Fetal Risk Summary
The reproductive effects of the centrally acting muscle relaxant, chlorzoxazone, have not been studied in animals. Moreover, no published reports of its use in human pregnancy have been located.
No reports describing the placental transfer of chlorzoxazone have been located. The molecular weight (about 170), however, is low enough that transfer to the fetus should be expected.
In a surveillance study of Michigan Medicaid recipients involving 229,101 completed pregnancies conducted between 1985 and 1992, 42 newborns had been exposed to chlorzoxazone during the 1st trimester (F. Rosa, personal communication, FDA, 1993). One (2.4%) major birth defect was observed (two expected), a cardiovascular defect (0.5 expected). Earlier data, obtained from the same source between 1980 and 1983, totaled 264 1st trimester exposures with 17 defects observed (17 expected). These combined data do not support an association between the drug and congenital defects.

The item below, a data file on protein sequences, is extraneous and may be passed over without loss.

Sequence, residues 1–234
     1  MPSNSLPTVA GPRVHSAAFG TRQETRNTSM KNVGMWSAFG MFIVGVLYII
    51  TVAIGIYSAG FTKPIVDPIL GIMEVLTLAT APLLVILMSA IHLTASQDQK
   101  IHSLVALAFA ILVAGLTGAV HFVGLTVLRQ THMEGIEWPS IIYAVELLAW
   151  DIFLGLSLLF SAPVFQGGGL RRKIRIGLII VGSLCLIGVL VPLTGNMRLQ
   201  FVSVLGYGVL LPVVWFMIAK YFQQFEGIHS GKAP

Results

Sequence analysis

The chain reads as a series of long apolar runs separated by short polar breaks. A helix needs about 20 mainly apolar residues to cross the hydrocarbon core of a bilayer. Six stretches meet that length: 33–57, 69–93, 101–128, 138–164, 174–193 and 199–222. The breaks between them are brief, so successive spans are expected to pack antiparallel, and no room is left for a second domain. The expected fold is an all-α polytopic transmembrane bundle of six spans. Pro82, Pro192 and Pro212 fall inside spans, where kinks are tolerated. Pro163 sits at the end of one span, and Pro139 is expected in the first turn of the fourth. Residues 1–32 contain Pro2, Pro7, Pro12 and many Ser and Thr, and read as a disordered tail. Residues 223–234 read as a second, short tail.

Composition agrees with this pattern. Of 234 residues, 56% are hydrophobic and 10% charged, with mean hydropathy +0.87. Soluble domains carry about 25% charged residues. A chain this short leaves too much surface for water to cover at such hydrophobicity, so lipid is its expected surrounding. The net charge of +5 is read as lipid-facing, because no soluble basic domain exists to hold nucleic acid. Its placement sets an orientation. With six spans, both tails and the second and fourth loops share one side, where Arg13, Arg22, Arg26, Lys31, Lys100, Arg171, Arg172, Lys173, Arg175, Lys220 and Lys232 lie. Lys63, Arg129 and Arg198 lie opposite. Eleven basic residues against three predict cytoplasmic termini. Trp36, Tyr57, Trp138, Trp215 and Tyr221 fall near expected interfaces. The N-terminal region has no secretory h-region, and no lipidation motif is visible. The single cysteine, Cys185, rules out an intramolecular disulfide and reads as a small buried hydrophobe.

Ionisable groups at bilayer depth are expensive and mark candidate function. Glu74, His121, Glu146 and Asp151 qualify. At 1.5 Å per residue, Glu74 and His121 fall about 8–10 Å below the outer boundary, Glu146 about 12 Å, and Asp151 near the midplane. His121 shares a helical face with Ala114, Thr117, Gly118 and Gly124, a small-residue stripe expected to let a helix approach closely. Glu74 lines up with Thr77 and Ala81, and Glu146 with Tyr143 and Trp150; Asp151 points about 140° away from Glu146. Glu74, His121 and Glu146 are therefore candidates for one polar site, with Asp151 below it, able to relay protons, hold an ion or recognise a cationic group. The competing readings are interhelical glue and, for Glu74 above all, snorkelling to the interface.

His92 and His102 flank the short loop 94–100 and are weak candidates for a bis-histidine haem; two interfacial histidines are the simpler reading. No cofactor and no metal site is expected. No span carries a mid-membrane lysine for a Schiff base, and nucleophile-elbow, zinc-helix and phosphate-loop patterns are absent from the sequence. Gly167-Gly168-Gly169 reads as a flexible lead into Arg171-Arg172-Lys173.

Breast Feeding Summary
No reports describing the use of chlorzoxazone during lactation have been located. The molecular weight (about 170), however, is low enough that excretion in milk should be expected. The effects of this potential exposure on a nursing are unknown.